As an adult with Ebstein’s anomaly, when will I need treatment?
Ebstein’s anomaly has the greatest variation in severity among all congenital heart defects. Some infants with the defect do not survive gestation, while other individuals live a normal life span and never need treatment.
As an adult with a mild Ebstein’s malformation, you may not need any treatment for years. If you have an arrhythmia, you may be treated with medication to control your heart rate and rhythm. Depending on the severity of the arrhythmia, you may need nonsurgical treatment such as radiofrequency ablation to fix your heart rhythm. If you develop heart failure, you may need other medications, such as a diuretic.
The course of Ebstein’s anomaly is unpredictable, however, and the condition could worsen to the point where your symptoms are bothersome, or your heart could enlarge, leading to decreased heart function. In either of these situations, surgical treatment may be necessary.
What type of surgery is used to treat Ebstein’s anomaly?
Ebstein’s anomaly is a rare heart defect, particularly among adults, so should you require surgery, you will want to choose a surgeon with experience in treating adults with this specific condition. The most likely place to find a heart surgeon with this type of experience will be at a large academic medical center.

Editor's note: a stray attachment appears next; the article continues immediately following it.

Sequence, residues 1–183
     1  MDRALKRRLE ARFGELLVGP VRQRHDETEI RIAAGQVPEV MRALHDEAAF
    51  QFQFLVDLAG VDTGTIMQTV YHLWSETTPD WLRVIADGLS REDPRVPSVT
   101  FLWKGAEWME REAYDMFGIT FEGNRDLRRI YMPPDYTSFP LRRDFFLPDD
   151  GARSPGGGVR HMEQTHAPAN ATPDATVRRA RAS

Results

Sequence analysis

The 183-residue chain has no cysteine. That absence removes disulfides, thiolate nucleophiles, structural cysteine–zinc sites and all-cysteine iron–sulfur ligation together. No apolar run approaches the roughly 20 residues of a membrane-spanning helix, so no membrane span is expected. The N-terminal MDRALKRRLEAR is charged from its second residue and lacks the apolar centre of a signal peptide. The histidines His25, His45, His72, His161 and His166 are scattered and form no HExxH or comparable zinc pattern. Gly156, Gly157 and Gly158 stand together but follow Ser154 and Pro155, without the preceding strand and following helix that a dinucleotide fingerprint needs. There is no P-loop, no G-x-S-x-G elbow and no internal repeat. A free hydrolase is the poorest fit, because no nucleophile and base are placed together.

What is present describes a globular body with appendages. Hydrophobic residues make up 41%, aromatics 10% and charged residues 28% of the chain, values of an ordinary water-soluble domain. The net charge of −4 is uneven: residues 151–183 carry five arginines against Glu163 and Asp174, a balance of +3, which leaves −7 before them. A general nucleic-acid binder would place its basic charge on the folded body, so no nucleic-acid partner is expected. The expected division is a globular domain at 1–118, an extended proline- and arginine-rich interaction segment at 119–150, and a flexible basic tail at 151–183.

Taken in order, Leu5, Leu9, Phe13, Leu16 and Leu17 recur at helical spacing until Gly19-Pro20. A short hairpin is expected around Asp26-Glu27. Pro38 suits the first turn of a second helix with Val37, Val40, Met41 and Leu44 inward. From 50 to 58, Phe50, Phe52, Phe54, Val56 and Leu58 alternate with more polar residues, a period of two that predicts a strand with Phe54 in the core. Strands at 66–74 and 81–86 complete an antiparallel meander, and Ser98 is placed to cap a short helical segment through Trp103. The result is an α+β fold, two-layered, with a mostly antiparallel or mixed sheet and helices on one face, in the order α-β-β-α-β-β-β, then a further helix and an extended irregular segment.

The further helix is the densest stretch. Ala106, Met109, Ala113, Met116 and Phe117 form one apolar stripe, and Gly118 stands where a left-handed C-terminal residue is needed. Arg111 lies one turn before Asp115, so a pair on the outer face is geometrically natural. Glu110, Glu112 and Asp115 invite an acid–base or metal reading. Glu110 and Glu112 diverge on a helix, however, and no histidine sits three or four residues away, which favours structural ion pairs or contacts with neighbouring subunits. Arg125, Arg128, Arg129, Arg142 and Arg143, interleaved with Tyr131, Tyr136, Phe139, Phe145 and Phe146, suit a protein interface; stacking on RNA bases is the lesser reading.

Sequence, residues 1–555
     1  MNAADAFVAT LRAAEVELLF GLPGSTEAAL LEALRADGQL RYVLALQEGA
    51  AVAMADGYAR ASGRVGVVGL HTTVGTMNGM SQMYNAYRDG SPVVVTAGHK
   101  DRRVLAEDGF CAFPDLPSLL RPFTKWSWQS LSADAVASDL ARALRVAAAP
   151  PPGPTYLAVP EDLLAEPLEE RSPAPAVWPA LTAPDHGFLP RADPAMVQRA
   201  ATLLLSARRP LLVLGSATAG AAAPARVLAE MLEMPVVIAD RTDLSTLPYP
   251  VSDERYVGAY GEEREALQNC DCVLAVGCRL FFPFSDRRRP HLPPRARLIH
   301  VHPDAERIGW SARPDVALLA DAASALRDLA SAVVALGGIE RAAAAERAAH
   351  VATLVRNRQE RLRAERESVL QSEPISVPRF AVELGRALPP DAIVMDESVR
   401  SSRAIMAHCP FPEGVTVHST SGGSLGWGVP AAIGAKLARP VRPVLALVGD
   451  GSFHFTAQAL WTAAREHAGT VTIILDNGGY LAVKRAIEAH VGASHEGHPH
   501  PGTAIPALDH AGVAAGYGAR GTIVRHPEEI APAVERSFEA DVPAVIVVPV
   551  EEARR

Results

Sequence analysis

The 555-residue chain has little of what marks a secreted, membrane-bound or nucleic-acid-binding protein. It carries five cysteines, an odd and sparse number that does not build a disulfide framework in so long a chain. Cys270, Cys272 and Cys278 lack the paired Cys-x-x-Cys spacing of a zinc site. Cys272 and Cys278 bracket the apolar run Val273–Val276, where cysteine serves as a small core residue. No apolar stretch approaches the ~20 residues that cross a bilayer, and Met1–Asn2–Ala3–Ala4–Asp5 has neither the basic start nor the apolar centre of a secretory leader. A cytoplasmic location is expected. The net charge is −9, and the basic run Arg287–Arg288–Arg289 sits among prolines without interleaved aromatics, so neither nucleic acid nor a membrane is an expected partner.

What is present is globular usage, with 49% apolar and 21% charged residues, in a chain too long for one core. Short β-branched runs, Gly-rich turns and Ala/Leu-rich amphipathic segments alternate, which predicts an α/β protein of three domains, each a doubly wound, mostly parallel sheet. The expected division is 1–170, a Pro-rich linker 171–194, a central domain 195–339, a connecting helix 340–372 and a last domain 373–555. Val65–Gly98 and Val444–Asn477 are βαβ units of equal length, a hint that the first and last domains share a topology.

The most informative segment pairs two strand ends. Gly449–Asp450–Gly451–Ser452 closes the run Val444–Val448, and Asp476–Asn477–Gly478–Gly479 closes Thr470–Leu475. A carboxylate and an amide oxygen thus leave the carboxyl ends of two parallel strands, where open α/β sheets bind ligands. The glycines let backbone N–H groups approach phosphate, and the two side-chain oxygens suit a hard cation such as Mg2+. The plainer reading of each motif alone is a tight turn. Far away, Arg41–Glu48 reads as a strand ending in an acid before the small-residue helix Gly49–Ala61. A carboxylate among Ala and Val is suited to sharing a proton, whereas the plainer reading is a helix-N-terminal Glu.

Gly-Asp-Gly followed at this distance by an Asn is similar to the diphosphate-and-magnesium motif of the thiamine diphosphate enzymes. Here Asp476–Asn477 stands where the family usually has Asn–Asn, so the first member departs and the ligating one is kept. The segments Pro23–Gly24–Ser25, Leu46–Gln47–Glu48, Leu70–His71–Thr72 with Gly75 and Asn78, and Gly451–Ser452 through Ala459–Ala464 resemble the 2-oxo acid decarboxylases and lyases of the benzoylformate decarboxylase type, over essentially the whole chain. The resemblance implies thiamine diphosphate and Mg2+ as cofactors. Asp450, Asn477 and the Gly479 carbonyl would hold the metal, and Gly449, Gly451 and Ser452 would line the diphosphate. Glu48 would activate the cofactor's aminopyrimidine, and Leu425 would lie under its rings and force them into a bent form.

There are several surgical procedures used to treat Ebstein’s anomaly:
Repair or replacement of the tricuspid valve
The goal of this surgery is to fix the defective valve between the right atrium and the right ventricle so that the leaflets open and close correctly.
When there is enough tissue present, the valve can be repaired. This is the preferred treatment because it uses your own tissue. When the existing valve cannot be repaired, it is possible to replace it with a mechanical valve or one made of biologic tissue. If you receive a mechanical valve replacement, you will need to take blood-thinning medication for the rest of your life.
Atrial septal defect repair
Many people with Ebstein’s anomaly have a hole in the septum (the tissue between the heart’s upper chambers [the atria]). This hole will be closed surgically at the same time the valve repair is performed.
Arrhythmia surgery (maze procedure)
Depending on the type of arrhythmia you have, you may undergo maze surgery in combination with valve surgery. During maze surgery, the surgeon creates new electrical pathways in the heart that restore the normal heart rhythm.
In the most severe cases, when the valve is seriously deformed, heart function is poor and other treatments are not effective, a heart transplant may be the best treatment option.
In a recently published study of patients between the ages of 4 and 58 who had surgery for Ebstein’s anomaly, survival and heart function were very good 10 years later.